Democrats on the Energy and Commerce Committee are flagging problems with third-party inspections, which many growers and retailers rely on for food safety oversight, and urging federal officials to reform the audit system.
Lawmakers sent a letter to Food and Drug Administration Commissioner Margaret Hamburg Tuesday citing the “significant problems” the panel found during its investigation of the multi-state cantaloupe listeria outbreak, the deadliest foodborne illness outbreak in 100 years.
“We urge you to review closely the information uncovered during our investigation,” read the letter, signed by Ranking Member Henry Waxman, D-CA; Dianna DeGette, D-CO; John Dingell, D-MI; and Frank Pallone, D-NJ. “In particular, the investigation identified significant problems with the third-party inspection system used by growers and distributors to ensure the safety of fresh produce, This auditing system is often the first and only line of defense against a deadly food borne disease outbreak.”
In their investigation, Committee staff obtained documents from and interviewed “high-ranking officials” at FDA, Jensen Farms, the cantaloupe grower, Primus Labs, the third-party auditor that inspected Jensen right before the outbreak, and Frontera Produce, the distributor that shipped the cantaloupe across the country.
The staff report points out that though FDA officials identified serious problems and design flaws at Jensen Farms, the company was given a “superior” rating by Primus Labs just weeks before the outbreak began to grab national headlines.
“Our investigation reveals some of the reasons why: the auditors’ findings were not based on the practices of the best farms and failed to ensure that the producer met FDA guidance; the auditors missed or failed to prioritize important food safety deficiencies; the auditors lacked any regulatory authority and did not report identified problems to the FDA or other state or federal authorities; the auditors did not ensure that identified problems were resolved; and the auditors provided advance notice of site visits and spent only a short period of time on-site. It also became apparent in the investigation that the auditors had multiple conflicts of interest.”
The letter calls for FDA to develop a model program for domestic auditors “that could become the standard of care for third-party auditing programs in the United States.”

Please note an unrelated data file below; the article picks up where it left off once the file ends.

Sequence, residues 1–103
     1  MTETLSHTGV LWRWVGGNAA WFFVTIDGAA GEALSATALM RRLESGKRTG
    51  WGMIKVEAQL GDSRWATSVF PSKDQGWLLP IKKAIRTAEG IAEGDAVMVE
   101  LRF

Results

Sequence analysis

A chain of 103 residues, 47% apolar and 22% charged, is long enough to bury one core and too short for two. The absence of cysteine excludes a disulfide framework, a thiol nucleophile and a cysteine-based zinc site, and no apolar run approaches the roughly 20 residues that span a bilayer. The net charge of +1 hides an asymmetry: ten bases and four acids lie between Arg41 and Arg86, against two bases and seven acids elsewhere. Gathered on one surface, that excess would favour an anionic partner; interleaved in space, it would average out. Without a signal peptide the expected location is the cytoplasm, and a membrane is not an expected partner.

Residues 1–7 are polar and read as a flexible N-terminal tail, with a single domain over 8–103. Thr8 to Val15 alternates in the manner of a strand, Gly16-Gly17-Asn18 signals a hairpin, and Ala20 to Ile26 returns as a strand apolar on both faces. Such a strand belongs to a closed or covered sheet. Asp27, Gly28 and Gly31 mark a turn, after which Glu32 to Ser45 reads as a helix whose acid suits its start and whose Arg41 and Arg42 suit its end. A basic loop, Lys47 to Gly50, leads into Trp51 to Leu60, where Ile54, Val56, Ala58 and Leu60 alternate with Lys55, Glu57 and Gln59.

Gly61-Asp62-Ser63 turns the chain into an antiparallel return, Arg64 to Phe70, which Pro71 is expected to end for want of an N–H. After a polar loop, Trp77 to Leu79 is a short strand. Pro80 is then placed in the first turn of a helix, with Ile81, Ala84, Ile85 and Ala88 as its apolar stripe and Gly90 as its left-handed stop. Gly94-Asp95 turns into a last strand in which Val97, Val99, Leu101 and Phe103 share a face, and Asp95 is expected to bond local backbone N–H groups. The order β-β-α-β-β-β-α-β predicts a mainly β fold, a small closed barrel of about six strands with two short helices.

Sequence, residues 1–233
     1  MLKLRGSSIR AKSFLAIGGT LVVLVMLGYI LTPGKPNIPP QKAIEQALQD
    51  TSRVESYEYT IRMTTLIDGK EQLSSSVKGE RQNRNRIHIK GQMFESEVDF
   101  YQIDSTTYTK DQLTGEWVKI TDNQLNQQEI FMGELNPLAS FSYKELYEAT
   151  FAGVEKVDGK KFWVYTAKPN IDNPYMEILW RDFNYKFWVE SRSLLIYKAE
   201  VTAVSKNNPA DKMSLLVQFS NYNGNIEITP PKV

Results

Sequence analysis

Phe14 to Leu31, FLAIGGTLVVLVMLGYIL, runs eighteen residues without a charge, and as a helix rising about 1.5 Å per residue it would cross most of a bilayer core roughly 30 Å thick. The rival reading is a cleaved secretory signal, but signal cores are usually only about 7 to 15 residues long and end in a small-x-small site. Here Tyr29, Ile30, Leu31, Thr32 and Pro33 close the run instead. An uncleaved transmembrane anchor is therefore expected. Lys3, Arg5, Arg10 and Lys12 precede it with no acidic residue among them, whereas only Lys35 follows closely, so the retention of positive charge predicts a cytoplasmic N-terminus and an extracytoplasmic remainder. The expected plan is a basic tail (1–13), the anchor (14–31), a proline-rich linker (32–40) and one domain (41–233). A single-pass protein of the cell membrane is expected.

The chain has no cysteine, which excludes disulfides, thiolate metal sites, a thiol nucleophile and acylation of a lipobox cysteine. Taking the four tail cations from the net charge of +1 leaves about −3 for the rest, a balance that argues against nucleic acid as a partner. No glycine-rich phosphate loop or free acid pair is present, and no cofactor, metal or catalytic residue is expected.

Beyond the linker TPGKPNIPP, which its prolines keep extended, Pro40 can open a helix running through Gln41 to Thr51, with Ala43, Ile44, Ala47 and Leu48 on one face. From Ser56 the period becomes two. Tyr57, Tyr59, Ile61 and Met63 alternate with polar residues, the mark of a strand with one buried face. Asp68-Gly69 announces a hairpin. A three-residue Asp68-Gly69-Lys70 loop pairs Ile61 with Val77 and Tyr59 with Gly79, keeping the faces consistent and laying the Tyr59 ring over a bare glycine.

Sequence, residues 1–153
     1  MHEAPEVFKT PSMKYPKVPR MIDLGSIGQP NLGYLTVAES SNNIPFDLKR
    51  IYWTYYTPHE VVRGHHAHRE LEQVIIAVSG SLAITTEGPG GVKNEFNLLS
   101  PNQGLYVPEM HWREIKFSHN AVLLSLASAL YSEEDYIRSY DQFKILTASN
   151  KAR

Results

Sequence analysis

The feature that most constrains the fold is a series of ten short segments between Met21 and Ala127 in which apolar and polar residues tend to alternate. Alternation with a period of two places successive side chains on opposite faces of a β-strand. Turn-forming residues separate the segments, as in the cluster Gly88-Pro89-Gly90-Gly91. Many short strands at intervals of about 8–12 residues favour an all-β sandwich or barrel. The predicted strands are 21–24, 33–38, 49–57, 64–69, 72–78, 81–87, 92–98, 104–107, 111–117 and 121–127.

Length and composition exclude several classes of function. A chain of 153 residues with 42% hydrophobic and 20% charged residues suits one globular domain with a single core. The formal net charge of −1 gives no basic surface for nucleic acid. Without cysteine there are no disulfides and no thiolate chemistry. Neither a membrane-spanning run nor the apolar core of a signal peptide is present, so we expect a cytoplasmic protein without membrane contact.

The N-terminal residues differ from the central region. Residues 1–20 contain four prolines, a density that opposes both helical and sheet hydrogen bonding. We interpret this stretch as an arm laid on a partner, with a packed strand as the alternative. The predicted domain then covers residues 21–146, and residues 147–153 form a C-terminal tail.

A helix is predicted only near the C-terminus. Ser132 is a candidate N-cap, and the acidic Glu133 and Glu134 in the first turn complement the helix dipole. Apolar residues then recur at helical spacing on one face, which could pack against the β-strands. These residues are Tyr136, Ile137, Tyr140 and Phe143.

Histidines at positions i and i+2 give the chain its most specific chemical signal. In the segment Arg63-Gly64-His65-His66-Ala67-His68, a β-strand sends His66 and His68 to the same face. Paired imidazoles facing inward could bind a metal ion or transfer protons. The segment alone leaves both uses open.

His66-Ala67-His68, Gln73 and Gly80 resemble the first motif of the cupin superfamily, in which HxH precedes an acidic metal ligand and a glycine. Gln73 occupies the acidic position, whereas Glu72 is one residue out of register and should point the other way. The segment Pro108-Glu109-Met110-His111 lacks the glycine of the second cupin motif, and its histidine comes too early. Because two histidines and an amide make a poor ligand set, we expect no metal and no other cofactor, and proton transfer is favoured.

Lawmakers also called attention to the inherent conflict of interest issues with third party audits — the company that depends on a passing audit often gets to choose which company conducts the audit, which would contribute to certain company’s “extraordinarily high” pass rate. For Primus Labs, it was 97 percent.
“Indeed, the problems identified in the audits of Jensen Farms are similar to those that the Committee identified in food safety investigations in 2009 and 2010. In 2009, following the Salmonella outbreak in peanut butter products sold by the Peanut Corporation of America (PCA), a Committee investigation revealed that a private, for-profit auditing firm gave the company glowing reviews. The auditor, AlB, was selected by PCA, it was paid by PCA, and it reported to PCA. The auditor awarded a “superior” rating to the company’s plant. Six months after the audit, PCA’s products killed nine people and sickened 691 people.”
AIB also awarded Wright County Egg — the massive farm involved in a half-billion egg recall and Salmonella outbreak in 2010 — a “superior” rating and had awarded the company a “recognition of achievement.” Two months later, FDA reported a much different picture of “serious violations of food safety standards, including barns infested with mice, chicken manure piled eight feet high, and un-caged hens tracking through excrement,” according to the staff report.
“Like it or not our food safety system relies heavily on third-party auditors to identify dangerous practices and prevent contaminated foods from reaching the market,” concludes the letter. “We believe reforms in third-party audits are essential. We call on you to address the problems identified in this investigation in regulation and guidance.”
Read the full letter here.